Household bills: get switched on, not stitched up

Make sure you have confidence in the websites that help consumers change energy suppliers
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The Independent Online

Powered by the profusion of price-comparison websites, switching has become big business. Simply go online and you'll find a cheaper supplier for your gas and electricity, landline phone, broadband, credit cards and mortgage. And then you can move your custom.

But while these free sites have long been hailed as "consumer champions", cracks have appeared.

Comparison services offer information and advice, helping people shop around to find the best deal, at their own speed and convenience. But their motives are not entirely selfless, as they stand to pocket up to £40 in commission each time a consumer switches supplier.

This has prompted concerns in the industry that several sites have been recommending the firms that pay the highest commission.

To police this lucrative market and protect consumer interests, Energywatch, the energy watchdog, recently introduced a voluntary "code of confidence". The aim is to ensure that consumers are given impartial and reliable information.

All websites must now be transparent. They must list all licensed suppliers and tariffs without bias, and prominently display the names of companies that pay commission.

The sites must use like-for-like comparisons when displaying charges from different providers, and show payment methods and information on "green" tariffs. They also have to show details of price rises recently announced by suppliers, and have an effective complaints procedure in place.

To underpin the reform, the regulator will this week unveil a list of those companies to which it has awarded "accreditation status" - in effect, a badge of good switching practice.

"For more than a year, Energywatch has conducted in-depth research and testing of the online comparison services to assure consumers they are receiving clear and unbiased information," says Energywatch spokesman Graham Kerr. "Twelve sites have submitted themselves to an audit process so they can use the Confidence logo."

These include, unravelit. com,, and uk/switch.

Earlier this month, Energywatch told the sites whether their services met the new code's demands, and made recommendations on the changes needed to become compliant. They were given until last Friday to implement those changes.

Sites failing to make the grade will be refused accreditation - and, no doubt, lose a degree of consumer trust - while those that pass will then have to comply with an annual audit.

"There is more than one way to skin a cat, and more than one way to present information," says Mr Kerr. "We want to bring consistency into the comparison market."

The Confidence logo, he adds, will show the websites are independent, unbiased and open about how they are funded. "Seeing the logo should give consumers confidence that the services are accurate, consistent and competitive."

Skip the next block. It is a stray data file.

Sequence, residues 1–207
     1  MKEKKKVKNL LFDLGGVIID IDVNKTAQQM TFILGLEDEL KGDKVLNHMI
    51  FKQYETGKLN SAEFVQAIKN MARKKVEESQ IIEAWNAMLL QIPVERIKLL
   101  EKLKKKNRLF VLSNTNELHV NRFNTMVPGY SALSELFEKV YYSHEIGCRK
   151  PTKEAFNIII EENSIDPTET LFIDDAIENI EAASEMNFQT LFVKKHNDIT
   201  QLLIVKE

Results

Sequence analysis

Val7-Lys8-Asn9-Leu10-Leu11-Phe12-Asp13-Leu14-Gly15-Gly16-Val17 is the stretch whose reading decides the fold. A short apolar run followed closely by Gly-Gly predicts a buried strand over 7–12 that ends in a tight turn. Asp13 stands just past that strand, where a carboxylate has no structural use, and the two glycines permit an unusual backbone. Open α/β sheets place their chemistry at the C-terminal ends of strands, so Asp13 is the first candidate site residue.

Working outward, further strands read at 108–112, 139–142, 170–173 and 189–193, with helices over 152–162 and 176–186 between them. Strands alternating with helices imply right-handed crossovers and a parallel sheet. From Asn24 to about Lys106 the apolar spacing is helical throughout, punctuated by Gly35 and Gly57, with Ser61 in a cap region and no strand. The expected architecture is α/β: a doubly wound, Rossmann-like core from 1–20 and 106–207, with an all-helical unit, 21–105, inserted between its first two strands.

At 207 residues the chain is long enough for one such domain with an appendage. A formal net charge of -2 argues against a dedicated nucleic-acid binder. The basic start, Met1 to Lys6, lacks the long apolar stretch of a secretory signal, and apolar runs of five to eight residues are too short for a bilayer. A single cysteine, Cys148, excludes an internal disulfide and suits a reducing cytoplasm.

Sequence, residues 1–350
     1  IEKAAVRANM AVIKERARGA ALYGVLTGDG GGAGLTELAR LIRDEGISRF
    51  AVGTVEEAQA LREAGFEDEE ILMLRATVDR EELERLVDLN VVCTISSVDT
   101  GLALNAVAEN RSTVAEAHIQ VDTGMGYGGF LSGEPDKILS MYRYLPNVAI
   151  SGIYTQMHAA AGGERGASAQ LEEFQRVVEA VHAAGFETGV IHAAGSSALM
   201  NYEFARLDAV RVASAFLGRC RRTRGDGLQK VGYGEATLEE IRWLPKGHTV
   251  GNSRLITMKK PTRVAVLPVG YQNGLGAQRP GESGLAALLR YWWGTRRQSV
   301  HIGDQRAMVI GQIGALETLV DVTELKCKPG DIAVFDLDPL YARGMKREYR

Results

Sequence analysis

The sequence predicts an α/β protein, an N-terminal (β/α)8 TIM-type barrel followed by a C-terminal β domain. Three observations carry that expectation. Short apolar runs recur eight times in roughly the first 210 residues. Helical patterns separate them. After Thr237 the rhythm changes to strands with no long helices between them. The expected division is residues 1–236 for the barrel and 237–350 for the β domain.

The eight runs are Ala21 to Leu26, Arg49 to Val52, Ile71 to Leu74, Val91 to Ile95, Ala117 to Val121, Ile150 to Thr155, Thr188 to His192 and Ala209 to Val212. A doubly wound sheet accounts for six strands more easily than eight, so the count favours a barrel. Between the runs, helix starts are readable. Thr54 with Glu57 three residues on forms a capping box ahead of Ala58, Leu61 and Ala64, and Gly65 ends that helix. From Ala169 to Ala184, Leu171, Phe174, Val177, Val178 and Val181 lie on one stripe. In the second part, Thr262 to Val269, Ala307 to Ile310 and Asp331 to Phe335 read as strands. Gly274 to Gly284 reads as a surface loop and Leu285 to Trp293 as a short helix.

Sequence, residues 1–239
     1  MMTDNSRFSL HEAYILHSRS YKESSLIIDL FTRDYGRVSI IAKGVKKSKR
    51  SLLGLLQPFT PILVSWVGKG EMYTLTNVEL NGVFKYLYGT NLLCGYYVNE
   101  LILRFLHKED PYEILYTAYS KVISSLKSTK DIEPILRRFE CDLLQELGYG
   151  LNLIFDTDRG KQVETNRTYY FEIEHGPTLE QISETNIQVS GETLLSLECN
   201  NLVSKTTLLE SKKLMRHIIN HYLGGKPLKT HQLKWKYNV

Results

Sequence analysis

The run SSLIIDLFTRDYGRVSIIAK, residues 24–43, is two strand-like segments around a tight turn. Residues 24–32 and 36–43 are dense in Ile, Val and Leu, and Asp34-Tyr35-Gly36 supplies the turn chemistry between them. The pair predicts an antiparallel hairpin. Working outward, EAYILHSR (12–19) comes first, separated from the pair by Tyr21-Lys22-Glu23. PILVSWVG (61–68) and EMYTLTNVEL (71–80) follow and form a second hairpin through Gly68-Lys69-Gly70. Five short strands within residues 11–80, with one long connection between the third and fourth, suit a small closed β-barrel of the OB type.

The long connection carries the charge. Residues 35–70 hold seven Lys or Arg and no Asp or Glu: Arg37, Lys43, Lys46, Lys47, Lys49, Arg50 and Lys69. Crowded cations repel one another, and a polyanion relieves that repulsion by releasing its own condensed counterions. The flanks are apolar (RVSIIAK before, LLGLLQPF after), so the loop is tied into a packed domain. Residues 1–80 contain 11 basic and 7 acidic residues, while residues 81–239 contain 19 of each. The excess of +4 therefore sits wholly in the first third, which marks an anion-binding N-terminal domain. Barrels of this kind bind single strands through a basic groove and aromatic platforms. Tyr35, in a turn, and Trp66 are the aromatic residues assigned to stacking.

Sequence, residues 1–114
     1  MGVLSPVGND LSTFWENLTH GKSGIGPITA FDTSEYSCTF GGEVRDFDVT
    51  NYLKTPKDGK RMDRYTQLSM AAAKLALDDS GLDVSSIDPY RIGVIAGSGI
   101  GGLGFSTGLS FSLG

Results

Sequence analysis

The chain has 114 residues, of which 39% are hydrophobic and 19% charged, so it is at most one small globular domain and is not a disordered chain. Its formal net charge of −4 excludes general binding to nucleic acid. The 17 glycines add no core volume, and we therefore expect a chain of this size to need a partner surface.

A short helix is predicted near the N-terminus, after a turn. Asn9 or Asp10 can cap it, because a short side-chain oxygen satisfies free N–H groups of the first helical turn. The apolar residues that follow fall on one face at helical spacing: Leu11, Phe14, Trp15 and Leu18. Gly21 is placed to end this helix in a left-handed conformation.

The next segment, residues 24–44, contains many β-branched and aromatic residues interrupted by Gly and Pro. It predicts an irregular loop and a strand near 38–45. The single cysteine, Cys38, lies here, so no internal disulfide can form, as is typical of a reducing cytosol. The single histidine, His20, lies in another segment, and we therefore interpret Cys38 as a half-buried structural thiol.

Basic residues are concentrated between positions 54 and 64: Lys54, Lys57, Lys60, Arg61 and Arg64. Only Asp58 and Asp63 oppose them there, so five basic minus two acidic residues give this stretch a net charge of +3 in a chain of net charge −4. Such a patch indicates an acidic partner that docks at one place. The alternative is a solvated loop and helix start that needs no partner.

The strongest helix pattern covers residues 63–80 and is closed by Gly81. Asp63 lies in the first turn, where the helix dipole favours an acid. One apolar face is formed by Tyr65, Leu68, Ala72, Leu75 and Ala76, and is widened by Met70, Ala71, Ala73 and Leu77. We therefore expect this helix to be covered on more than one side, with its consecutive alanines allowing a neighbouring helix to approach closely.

Once the code is introduced, adds Mr Kerr, you should, in theory, see similar results whenever you input your details into any of the accredited websites. "We will continue to work with the sites until their calculators provide customers with consistent and up-to-date information," he says. "But there are many factors that need to be considered."

For example, the way in which tariff information is presented differs between websites: some use two decimal points and others use three, and details are often updated at different times. "It would be terrific if we could guarantee that if you were to compare two newly accredited sites, then identical results would appear on both. But the reality is it will take some time to achieve this goal."

Overall, though, the initiative has been welcomed by consumer bodies.

"In the past, people have not always been offered the genuine 'best buy' deal because of the influence of commission on the recommendations made," says Janice Allen from the National Consumer Council. "The new code should offer more security and guarantees for consumers as they will see the full market; companies can no longer be excluded by virtue of not offering enough commission."

Switching sites applying for accreditation are confident they will pass muster.

After being contacted by Energywatch early last week, SimplySwitch has made changes to its calculator to meet the watchdog's rules. It has also had to make a slight amendment to the way it displays one-off discounts. "In the past, certain companies have operated on the basis of 'commercial advantage'," says Alistair Tillen, spokesman for SimplySwitch. "But now consumers will be better protected as there will be a level playing field."

Paul Green, chief executive of the comparison website energyhelpline. com, says the new code is a big improvement on the previous one. "You will now be able to compare like-for-like. We have invested in technology to host additional pages of information, such as when prices were last increased."

If you have never switched before, you could make big savings by changing your energy supplier. The process costs you nothing and, says SimplySwitch, your bills could fall by more than £100 a year.

Around 10 million domestic customers have never changed their supplier - and are paying £1bn too much for their gas and electricity, says Energywatch. The watchdog adds that switches are becoming more and more straight- forward, and that complaints about problems with transfers have fallen.

If you should encounter difficulties, however, approach the supplier to see if it can rectify the problem. If not, contact the regulator at

It is also worth noting that, last week, telecoms watchdog Ofcom announced it was launching its own accreditation scheme for price-comparison sites - designed to help consumers find the best deals for internet, telephone and digital TV services.

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